I think it comes down to whether the fantastical is truly fantastical - the closer it sticks to genre conventions, the more familiar it is, the less surprising it is: then fantasy becomes less surprising and more mundane. To me, it doesn't really matter if it's character driven or not if it's all dressed up in cliche.

Sam said...

I don't think one really needs to choose and I'm not sure I agree with GRRM's implication that magic comes at the expense of character.

The "trappings" and the character should be as one. If the magic and the fantasy races and the wondrous creatures are just sort of there and no one bats an eye, it can be disheartening. If they fit into the story, it tends to be much more satisfying.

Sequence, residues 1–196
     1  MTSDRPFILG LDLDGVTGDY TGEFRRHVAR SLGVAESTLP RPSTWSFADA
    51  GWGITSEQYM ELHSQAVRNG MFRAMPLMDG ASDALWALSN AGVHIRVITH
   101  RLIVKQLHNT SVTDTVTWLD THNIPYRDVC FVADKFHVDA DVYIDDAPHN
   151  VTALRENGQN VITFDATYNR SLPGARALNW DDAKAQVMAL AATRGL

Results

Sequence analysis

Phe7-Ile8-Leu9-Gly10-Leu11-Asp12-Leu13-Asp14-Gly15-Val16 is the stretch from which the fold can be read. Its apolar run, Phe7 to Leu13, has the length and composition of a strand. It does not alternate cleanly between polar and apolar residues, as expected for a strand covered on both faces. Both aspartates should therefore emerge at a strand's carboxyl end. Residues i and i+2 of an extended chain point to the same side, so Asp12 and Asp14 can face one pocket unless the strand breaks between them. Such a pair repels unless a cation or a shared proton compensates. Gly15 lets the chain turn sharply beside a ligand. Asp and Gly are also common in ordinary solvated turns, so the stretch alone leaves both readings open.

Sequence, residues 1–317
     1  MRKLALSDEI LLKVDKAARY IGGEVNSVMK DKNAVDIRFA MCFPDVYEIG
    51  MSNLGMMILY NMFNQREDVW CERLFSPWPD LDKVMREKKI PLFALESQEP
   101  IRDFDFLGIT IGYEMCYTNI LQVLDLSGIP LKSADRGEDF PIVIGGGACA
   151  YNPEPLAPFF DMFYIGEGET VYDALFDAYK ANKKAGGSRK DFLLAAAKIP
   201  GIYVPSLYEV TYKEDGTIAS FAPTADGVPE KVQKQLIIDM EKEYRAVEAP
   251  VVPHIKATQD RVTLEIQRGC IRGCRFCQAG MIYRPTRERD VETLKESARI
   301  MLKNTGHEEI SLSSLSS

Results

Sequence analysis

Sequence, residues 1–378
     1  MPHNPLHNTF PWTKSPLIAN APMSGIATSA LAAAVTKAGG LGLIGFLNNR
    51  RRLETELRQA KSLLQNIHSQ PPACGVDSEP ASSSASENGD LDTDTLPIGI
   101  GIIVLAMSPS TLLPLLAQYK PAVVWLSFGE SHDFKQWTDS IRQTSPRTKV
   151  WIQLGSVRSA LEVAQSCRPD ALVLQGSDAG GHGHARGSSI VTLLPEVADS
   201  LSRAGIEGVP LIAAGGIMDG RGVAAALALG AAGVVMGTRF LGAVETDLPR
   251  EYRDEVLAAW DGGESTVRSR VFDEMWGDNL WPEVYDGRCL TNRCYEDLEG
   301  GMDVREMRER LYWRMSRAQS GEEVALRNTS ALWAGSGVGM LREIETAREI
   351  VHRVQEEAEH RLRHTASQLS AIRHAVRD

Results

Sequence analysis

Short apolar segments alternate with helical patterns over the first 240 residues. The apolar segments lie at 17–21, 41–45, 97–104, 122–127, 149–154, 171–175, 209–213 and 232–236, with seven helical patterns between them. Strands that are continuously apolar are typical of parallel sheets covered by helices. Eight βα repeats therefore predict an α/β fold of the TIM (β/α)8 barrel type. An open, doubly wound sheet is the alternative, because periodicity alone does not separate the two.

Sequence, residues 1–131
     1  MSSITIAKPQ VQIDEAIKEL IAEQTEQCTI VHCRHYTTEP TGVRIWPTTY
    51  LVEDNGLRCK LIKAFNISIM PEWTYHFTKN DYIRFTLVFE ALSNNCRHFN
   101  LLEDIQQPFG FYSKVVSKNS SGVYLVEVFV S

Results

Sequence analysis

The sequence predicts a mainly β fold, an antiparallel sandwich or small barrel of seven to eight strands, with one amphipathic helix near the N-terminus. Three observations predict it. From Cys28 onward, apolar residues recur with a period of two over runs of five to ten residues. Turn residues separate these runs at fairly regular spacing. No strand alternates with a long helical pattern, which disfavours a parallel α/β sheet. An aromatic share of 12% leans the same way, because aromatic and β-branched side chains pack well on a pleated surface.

Really, the concept of "too much magic" and such, I think, comes when magic is more of a tool to use than an aspect of the story itself. That's just bad writing, which I am definitely with George on not liking.

Aidan Moher said...

I don't care either way. I've enjoyed Mistborn by Brandon Sanderson and A Shadow in Summer by Daniel Abraham. As long as the internal logic stay consistent, and the level of magic is applicable and important to the story, then I'm happy.

There are certainly examples where the magic system got in the way of storytelling, though. Blake Charlton's Spellwright is one example, and Brent Weeks' The Black Prism (which I'm just reading now), are two recent examples.

Salt-Man Z said...

Yeah, I agree with Sam that magic and character don't have to be mutually exclusive. I think a good writer should be able to write quality, character-driven stories in a fantastical, magic-filled world or in a mundane one; there should be no difference.

GL said...